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This week’s content and resources were good reinforcement of the work I’ve been doing for my ISTE certification classes lately, so it’s nice to have a chance to reflect and blog about these parallel experiences.

Same, Same but Different

I’ve noticed that these 2 models are the dominant ones used when planning for and evaluating technology integration in an educational setting, and that’s not really a surprise given how valuable they are in discussions and decision making. While it’s true that both are generally introduced together and connect to teaching and learning with technology, they are actually quite different in their purposes, in my humble opinion. 

I find that the SAMR model is more useful as a reflective and evaluative tool for educators when using technology in their classrooms. It looks primarily at the task in which technology is being used and asks viewers of the model to determine where on the continuum the task fits. I think it’s important to note here that I don’t think it’s meant to be used in a linear way, nor should there be any element of judgment attached to it, as some people might assume. Not every task involving technology needs to be transformative in nature. Not all technological tools and resources have the power to transform teaching and learning experiences. And that’s okay. To me, it’s about being able to accurately identify where the task fits and recognizing opportunities to move across the spectrum in a day or unit of study. It’s nice to have variety. It’s nice to understand how technology fits with different learning goals. 

The TPACK model, on the other hand, is far more dynamic. Again, that’s just my opinion, but I’ll tell you why I say that. Unlike the SAMR model that only looks at tasks involving technology, the TPACK framework recognizes that technology is only powerful if grounded in best practice (pedagogy) and standards (content knowledge). I find the TPACK model to be of particular use during the planning process because it offers a broader lens and it is easier to see if these dimensions are all represented, or more importantly if one is missing. Rather than be excited about a specific tool or task, this helps educators keep content standards and instructional strategies on the front burner. That being said, it kind of irritates me that they’ve put the T in the front and in the top circle because there’s almost an assumption that it’s the most important of the 3, where I would argue that it’s the least important.

TPACK vs. SAMR

My Role & Work

In my current role as an Innovation Coach, I am actively involved in aspects of planning, teaching, coaching and professional development across the school, so these frameworks are really useful to me in each context. In planning meetings, I am often asked how technology can be integrated into a unit to help achieve learning goals, so it’s nice to have the TPACK handy for reference because it helps guide that work. Occasionally, a teacher will ask me about a specific technology tool or resource, and in those cases, the TPACK provides support in redirecting the conversation to the learning objectives. My motto has been to ask these teachers, ‘what is it you’d like them to know or be able to do?’ It’s only when I really understand that, that I can recommend a tool or resource.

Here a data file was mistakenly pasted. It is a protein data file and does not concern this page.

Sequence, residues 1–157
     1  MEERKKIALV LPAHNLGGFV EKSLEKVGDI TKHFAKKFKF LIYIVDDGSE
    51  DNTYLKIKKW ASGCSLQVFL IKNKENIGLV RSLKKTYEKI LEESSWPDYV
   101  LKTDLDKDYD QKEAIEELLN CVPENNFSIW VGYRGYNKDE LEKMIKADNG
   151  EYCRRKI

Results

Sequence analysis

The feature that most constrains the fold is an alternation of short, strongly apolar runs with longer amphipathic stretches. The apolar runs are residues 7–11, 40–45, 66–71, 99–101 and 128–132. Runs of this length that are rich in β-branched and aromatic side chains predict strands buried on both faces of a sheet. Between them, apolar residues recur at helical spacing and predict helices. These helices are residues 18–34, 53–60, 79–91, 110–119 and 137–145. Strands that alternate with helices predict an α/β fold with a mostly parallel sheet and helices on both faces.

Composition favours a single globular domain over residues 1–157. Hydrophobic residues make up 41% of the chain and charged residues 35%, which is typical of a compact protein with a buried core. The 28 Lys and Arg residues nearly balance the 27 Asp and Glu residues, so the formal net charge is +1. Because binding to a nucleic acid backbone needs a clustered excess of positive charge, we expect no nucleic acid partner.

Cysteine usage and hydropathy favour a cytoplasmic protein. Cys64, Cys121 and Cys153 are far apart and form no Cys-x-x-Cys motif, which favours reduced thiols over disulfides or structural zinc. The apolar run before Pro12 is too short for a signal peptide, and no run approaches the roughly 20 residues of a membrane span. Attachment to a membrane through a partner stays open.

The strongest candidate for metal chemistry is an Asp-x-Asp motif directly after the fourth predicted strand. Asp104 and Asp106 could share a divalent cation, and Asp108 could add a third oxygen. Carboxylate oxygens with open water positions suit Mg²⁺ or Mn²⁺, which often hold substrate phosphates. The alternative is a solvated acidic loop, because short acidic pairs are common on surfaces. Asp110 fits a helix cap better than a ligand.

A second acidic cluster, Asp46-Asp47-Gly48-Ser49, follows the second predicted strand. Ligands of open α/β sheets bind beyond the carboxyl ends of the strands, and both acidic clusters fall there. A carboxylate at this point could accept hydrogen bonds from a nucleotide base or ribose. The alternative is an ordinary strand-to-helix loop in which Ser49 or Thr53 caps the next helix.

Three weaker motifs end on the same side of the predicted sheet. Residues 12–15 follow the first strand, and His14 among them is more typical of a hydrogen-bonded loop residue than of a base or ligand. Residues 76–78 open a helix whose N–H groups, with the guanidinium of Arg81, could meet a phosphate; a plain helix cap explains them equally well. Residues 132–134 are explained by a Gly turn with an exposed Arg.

When I’m in a classroom working with a group of students or leading a whole-class lesson, I use both tools as a way to plan and evaluate my use of tech. If parts of the task can be done offline, I generally like to start there and move into a tech-focused task. The transitions are helpful for both myself and the students, and I like people in the building to understand that I’m a teacher before I’m anything else. My experience of stepping back into the role of a classroom teacher last year helped me approach these conversations in new ways now that I’m back in a coaching position.

As a coach, I like bringing both of these frameworks forward when I meet with teachers because it usually helps support them in achieving their SMART goals as well as their ISTE educator goals. Thankfully, most of the teachers I now work with are familiar with both of these models and regularly refer to them in their work. For example, we held a tech conference here at AISG last weekend and a few of the workshops were facilitated by teachers in the elementary school and ALL of them introduced their audience to the SAMR model to preface their sessions. I can’t take credit for any of that, but I can’t tell you how wonderful it was to see this level of knowledge and experience be second nature to my colleagues. Just awesome!

Finally, in my work with administrators planning professional development for faculty, I’ve taken to practicing something my ISTE Certification facilitators call ‘managing up’. This refers to actions that I take in my role to upskill admin on things they need to know to make informed decisions and support staff with regard to technology. Essentially, it means they empower and trust me to be the expert in this area so it relieves some of their stress and workload. This week has prompted me to print these 2 models out and add it to the agenda for our next IT/Admin meeting because it’s that important.

Final Thoughts

As I move through the remainder of this and my ISTE Certification courses, I hope to return to these frameworks often and continue to use them as a foundation for transformative teaching and learning with technology. And until next time, let me know all the ways you use these in your classroom or context. Do you prefer one over the other? Are they helping move your practice forward?